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Eric Choon: Portraying Life With Lego Photography

2020-06-04


Canon EOS 550D, EF50MM f/1.4 USM, f/1.8, ISO 1250, 1/250s, 50mm

Being kept indoors has never been much of a challenge for photographer Eric Choon. During this stay home interval, he saw the opportunity to work on his smaller projects (literally!) and keep the creative juices flowing in his own way. Think Lego and everyday household objects as the elements, his home as the blank canvas, photography as the medium and himself as the point of inspiration, and you’ll get the gist of what this series is all about: A cheeky, outdoor day in the life of Eric Choon portrayed through Lego photography. Learn how he sets up each scene by following his journey!

 

Scene 1: Gardening in The Morning


Canon EOS 550D, EF50MM f/1.4 USM, f/3.5, ISO 3200, 1/125, 50mm

As dawn breaks, Lego Eric prepares his gardening tools for some plant care and maintenance. The soft sun rays, mildly-scented morning dew and the chirps of hungry baby birds give a pleasant (and promising) start to the day. Oh, and how can he forget his partner-in-crime to help with the removal of nasty weeds that have had a growth spurt! Ugh, at least the orchids are doing well.

 

Behind-The-Scenes: Gardening in The Morning


Canon EOS M50, EF-M15-45MM f/3.5-6.3 IS STM, f/4.5, ISO 125, 0.4s, 28mm

Tools used: Lego toys, toolboxes, dried flower buds, a translucent box, origami tree and a green mat.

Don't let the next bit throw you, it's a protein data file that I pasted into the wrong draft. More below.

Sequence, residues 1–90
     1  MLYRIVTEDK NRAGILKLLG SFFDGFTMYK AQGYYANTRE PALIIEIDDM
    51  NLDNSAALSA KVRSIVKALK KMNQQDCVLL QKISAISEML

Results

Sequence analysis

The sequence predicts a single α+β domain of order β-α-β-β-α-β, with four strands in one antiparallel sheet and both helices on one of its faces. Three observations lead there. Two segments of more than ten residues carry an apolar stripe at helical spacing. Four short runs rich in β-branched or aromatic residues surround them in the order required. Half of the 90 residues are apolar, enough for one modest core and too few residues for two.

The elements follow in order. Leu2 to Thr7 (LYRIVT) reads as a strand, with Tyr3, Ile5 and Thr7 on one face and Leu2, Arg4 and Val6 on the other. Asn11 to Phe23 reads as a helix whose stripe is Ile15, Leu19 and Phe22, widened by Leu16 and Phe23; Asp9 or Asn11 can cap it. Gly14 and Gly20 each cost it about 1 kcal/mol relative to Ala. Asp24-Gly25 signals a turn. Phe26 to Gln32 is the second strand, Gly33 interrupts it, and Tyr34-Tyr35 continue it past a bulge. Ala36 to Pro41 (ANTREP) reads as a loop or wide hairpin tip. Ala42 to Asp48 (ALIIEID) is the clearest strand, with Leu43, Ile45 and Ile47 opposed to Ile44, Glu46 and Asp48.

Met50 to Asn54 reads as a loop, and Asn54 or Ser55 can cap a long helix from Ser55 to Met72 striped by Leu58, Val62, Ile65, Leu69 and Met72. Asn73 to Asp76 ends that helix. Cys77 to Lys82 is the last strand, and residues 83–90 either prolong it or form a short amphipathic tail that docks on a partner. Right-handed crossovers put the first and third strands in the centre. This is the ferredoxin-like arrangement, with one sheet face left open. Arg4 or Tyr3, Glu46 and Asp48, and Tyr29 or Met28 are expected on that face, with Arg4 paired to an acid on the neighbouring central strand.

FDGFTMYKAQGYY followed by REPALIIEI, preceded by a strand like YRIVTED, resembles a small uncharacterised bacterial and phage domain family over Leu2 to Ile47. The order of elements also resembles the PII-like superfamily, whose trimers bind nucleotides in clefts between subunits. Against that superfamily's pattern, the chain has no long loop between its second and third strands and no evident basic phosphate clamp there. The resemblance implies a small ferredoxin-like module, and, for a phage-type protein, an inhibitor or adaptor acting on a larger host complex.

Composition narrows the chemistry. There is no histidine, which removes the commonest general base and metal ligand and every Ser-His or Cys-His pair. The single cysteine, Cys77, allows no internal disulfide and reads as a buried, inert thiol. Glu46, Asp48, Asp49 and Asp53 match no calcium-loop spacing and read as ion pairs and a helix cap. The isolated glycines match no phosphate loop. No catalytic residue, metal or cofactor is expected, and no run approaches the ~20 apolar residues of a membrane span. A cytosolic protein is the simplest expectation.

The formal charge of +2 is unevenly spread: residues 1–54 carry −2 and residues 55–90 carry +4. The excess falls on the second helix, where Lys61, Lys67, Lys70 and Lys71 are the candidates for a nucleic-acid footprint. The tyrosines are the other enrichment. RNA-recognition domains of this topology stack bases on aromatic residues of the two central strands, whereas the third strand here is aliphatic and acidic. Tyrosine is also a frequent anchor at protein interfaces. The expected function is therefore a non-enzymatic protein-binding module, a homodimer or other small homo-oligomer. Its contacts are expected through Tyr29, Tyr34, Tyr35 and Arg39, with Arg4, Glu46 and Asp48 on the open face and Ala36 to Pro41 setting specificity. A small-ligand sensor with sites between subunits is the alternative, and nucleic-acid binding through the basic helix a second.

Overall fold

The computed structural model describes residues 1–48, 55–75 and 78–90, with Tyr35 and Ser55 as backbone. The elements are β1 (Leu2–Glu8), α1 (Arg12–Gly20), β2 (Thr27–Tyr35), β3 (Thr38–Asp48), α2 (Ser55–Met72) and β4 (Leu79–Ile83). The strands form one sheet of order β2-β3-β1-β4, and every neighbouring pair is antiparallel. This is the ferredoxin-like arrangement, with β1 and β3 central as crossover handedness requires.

Eric Choon: This is an outdoor scene, therefore natural light is essential to add a lifelike portrayal to the photo. I took this shot near my window during the day so the shadows cast on the green mat will resemble how shadows are formed with natural lighting outdoors. The trees are made from Origami (a paper folding technique), and I placed the dried flower buds in the foreground to create depth and texture.

In review: We love the creative use of actual life-size toolboxes and how it resembles a house in the final output. We also enjoy the colour story of the boxes with the Lego subjects and how the scene utilises three colours to keep the overall look clean. With an aperture of f/3.5 (larger aperture = shallow depth of field), the effect of a background and foreground blur leads the focus back to the main subject of the image. 

 

Scene 2: Grocery Shopping in The Afternoon


Canon EOS 550D, EF50MM f/1.4 USM, f/2.5, ISO 3200, 1/200s, 50mm

A short trip to pick up some groceries gives a breather from work, replenishes the already-depleted pantry and allows you to get some fresh produce for dinner. It’s always good to practice safe distancing while outdoors, to have the proper protection and to not hoard supplies. Perhaps now is the time to try that new flavour of potato chips, or to pick up more chocolate bars (seeing how I can finish one within less than an hour)?


Behind-The-Scenes: Grocery Shopping In The Afternoon


Canon EOS M50, EF-M15-45MM f/3.5-6.3 IS STM, f/3.5, ISO 125, 1/5s, 15mm

Tools used: Canned food, food packs, signage parcel paper